Summertime and the living is easy. A time when people are vacationing, the kids are out of school and life just seems to be more relaxed. Maybe that’s because you are utilizing a little extra help at your house, like a summer nanny. Something you might not even be thinking about is insurance for your household employee- but workers’ comp insurance is necessary for domestic workers and not having it could put you at risk, should they get injured.
Domestic workers are those who work in the house as nannies, housekeepers, laundresses, caretakers, cooks or who perform other services. States have started to take action to protect these workers just as they have with other classes of employees. In Massachusetts, for example, the legislature just passed a sort of “bill of rights” for these workers that established clear-cut labor standards. Without such a document the rules may have been fuzzy for some and employees might have been taken advantage of. Now the state will set rules for workers’ compensation as well as establish rules for sleeping, eating and resting. Female employees will also be guaranteed maternity leave.
Generally, any worker who works over 40 hours a week must be covered by workers’ compensation. If they are a live-in employee but work less than 40 hours, they still must be covered because the hours include all hours “on premises”. Mary Poppins, if she were to ever be injured by falling objects after Admiral Boom fired his cannon, would be eligible for workers’ compensation. As is the norm for workers’ comp, all states are different so it’s important that you know the rules in your state. Connecticut requires insurance for employees who work 26 hours a week. In Ohio, the law says that “any household worker who earns $160 or more in cash in any calendar quarter from a single household,” requires coverage. If you’re paying someone to water your plants and check up on the house while you’re on vacation and you live in Ohio you might want to make sure you are covered if you need to be.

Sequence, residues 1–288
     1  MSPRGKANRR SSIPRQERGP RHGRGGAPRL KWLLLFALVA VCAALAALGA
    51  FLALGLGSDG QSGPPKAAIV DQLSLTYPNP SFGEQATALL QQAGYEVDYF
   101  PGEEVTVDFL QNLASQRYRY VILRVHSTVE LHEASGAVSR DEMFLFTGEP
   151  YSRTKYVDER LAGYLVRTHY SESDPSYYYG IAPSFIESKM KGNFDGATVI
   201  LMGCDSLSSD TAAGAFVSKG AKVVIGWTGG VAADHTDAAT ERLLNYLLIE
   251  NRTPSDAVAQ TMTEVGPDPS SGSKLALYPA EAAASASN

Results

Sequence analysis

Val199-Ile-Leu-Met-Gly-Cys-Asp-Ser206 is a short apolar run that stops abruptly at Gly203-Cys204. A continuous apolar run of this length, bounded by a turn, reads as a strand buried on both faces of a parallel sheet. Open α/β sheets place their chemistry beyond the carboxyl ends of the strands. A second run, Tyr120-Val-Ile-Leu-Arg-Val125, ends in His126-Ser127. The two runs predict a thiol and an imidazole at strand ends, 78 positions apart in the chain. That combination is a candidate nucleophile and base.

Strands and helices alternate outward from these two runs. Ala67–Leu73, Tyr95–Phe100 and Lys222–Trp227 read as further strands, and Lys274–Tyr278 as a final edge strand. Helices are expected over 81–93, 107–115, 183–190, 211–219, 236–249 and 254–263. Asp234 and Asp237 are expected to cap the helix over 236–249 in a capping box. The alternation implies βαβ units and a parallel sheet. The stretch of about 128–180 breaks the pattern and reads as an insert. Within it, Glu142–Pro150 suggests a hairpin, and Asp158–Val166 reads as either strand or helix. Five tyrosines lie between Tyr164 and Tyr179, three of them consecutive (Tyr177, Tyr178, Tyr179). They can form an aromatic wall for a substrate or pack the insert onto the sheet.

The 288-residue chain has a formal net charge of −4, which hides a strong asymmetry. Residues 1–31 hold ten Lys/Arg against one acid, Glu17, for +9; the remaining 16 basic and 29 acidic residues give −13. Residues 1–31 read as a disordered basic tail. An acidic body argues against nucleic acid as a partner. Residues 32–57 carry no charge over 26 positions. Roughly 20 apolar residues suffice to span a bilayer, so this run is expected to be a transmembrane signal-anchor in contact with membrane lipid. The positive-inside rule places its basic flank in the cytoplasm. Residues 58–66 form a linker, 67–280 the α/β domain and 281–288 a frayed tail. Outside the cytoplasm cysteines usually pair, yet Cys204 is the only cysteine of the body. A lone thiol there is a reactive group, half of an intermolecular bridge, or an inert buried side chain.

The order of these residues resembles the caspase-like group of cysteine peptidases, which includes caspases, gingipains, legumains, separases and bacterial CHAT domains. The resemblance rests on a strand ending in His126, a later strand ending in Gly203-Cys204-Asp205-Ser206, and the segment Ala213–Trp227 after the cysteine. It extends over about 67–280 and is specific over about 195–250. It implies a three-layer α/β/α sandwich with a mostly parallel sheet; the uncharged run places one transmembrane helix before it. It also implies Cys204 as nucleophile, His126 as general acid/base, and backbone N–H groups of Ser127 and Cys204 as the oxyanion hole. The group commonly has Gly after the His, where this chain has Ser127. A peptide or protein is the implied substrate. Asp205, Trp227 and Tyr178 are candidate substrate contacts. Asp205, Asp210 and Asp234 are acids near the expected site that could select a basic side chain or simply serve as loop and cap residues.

A lot of homeowner insurance policies might cover an injury to a guest or family member, but might not cover someone who you are paying to be there. If they have their own health insurance plan any injuries incurred in your home might not be covered either.
California actually vetoed legislation that would have changed the laws for domestic workers, and they have some of the more strict requirements to be eligible for comp. In 2012 there was a measure to eliminate their more stringent rules, but the governor vetoed that, and workers still must work at least a 52 hour work week and have been there, earning at least $100, for three months prior to their injury.
Domestic workers have the same rights as other workers- no discrimination, no retaliatory practices, and workers’ compensation. Look at the laws in your state to determine if you think you might need to get coverage for your employees.